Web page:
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Fears as Newmarket Street closure looms
A RUN of 5,000 leaflets has sparked anger, but little surprise, among the Hereford businesses due to be affected by the four-week eastbound closure of Newmarket Street.
The information from Herefordshire Council, Welsh Water and Hereford Futures was sent out late last week – after the Hereford Times exclusively revealed the road closure plan.
The official diversion marked out in the leaflets asks drivers to avoid Newmarket Street from May 12 by travelling north up Edgar Street and Holmer Road before turning right onto Roman Road and returning into Hereford via Aylestone Hill.
The map provided has left out the eastern part of Newtown Road in an apparent attempt to stop motorists taking a shorter diversion along Widemarsh Street.
But many businesses located in the area believe that it will take more than clever editing to stop the 11,000 motorists who use Newmarket Street on a daily basis from travelling down Widemarsh Street.
Rod McColl said the extra congestion will hurt those companies that rely on quick and easy access.
“It’s going to kill business here,” said Mr McColl.
“People will sit in traffic for the first week then decide to avoid the area for the next three.”
And alongside businesses like City Plumbing and HiQ, and numerous other automotive businesses on the half-mile stretch, accessibility is at a premium for Mr McColl’s business.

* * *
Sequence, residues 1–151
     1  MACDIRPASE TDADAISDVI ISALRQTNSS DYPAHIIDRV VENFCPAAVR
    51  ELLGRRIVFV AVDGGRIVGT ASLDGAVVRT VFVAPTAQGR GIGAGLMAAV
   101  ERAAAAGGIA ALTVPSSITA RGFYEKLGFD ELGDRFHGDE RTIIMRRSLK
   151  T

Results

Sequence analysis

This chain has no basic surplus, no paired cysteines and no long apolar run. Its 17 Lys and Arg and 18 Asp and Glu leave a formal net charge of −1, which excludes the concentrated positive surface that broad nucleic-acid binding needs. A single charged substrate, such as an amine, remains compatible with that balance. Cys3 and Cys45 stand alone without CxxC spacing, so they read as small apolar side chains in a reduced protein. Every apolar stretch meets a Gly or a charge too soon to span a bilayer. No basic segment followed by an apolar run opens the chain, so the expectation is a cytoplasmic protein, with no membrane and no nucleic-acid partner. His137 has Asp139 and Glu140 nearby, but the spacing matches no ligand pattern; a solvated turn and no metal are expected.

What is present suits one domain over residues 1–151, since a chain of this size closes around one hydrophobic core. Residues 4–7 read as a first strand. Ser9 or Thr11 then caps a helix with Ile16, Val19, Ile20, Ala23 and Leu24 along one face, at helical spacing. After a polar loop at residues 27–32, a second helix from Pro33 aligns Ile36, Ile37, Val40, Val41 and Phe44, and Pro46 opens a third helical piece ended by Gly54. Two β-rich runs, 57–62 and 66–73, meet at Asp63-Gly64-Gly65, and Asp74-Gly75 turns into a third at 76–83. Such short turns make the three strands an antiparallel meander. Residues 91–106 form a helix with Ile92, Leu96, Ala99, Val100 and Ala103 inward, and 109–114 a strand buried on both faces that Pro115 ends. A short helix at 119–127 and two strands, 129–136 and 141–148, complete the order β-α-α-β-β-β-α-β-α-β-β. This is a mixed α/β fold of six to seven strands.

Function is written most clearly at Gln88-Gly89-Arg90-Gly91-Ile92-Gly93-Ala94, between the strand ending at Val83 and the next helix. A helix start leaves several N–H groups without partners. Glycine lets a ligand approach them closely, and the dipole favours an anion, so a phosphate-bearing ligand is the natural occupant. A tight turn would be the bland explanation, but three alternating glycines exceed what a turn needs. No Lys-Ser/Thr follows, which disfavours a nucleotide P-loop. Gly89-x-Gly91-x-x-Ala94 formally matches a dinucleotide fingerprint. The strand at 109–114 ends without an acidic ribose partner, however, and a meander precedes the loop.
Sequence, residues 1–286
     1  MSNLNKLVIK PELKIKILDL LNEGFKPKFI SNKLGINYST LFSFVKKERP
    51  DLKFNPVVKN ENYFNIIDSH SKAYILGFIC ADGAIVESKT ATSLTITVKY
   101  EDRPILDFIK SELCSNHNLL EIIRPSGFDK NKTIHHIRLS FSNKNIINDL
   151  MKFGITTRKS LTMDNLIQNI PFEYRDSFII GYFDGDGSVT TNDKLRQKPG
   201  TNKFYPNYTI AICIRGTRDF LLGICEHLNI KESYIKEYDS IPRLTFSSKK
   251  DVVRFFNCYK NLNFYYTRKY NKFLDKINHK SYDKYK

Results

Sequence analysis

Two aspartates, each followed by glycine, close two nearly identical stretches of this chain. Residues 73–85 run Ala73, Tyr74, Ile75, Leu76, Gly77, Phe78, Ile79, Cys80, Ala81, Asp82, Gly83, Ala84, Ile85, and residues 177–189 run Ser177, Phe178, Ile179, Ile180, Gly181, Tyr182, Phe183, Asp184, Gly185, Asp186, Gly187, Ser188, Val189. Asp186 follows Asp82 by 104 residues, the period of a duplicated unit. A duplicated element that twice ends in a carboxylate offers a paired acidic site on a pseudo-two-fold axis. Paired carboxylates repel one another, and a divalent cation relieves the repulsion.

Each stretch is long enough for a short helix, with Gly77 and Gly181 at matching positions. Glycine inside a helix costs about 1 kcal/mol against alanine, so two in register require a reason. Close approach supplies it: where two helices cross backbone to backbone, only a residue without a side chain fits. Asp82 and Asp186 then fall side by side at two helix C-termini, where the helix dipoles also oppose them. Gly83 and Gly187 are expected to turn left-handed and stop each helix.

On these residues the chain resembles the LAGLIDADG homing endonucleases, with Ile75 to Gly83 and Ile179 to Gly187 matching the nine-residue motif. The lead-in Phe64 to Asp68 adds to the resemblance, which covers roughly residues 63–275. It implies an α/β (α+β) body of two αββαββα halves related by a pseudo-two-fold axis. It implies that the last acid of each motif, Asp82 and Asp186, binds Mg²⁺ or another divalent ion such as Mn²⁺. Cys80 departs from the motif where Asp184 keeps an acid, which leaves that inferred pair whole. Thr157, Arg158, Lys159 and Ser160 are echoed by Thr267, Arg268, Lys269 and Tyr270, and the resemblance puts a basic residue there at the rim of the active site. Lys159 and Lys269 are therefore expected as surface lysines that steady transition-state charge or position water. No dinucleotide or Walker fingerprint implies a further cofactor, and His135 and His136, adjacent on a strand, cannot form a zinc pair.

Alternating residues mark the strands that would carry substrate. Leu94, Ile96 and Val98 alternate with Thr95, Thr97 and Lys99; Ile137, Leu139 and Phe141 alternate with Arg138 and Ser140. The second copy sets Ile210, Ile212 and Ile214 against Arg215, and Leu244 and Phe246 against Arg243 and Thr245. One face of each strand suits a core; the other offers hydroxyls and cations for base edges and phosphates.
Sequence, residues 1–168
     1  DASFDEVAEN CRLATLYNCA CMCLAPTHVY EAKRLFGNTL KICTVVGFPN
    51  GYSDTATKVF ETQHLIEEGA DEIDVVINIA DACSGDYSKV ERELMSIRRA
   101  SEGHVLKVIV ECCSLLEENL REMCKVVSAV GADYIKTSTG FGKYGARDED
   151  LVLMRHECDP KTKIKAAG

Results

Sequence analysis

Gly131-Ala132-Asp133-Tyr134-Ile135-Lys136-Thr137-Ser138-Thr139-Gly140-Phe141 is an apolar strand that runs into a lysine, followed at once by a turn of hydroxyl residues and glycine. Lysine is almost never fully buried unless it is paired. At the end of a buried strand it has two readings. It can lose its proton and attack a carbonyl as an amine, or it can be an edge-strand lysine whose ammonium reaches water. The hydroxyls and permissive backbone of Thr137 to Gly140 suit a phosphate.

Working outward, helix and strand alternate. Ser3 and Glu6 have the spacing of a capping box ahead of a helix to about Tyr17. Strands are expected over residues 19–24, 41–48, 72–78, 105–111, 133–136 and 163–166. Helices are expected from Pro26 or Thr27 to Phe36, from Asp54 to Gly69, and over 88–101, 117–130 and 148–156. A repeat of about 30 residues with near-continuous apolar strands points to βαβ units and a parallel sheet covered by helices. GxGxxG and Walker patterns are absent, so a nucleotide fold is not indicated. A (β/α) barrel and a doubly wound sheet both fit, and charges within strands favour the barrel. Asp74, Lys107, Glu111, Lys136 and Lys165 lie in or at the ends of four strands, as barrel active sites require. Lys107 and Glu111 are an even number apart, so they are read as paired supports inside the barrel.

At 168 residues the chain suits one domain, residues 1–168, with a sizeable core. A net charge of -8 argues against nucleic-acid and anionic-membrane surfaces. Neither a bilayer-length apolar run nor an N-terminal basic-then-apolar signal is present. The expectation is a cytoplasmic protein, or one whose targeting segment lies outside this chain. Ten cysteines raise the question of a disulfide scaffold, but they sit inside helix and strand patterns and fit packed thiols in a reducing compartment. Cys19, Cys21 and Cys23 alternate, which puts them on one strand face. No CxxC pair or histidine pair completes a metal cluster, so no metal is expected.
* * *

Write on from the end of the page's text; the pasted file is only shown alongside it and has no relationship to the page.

“Anyone who knows Hereford will take Widemarsh Street,” he added.
“Three or four times a day the road is already at a standstill, spin it how you want but if you’re asking an extra 500 cars an hour to use the road it’s going to be a nightmare.
“I’m going to be sitting in traffic for half an hour just to test out a car.”
The logistics may be worse still for City Plumbing, which relies on five deliveries a week from articulated lorries.
Unable to turn on the forecourt in heavy traffic, delivery drivers must park on the road to unload – and are now faced with unloading both sides of the lorry in the street.
Stuart Thomas, of City Plumbing, said: “I can’t see how it won’t affect our trade.
But it’s no surprise with this council.”
Mr Thomas, who also was unaware of the diversion until last week, admitted any business that relies on tradesmen picking up supplies throughout the day – including neighbouring building suppliers Wickes and Timber Centre Hereford – would fall victim to a congested Widemarsh Street as people will “just avoid the whole area”.
Their concern is borne out of experience – recent roadworks have given an unwelcome insight into the impact even minor breakdowns in infrastructure can have on Hereford’s central road network.
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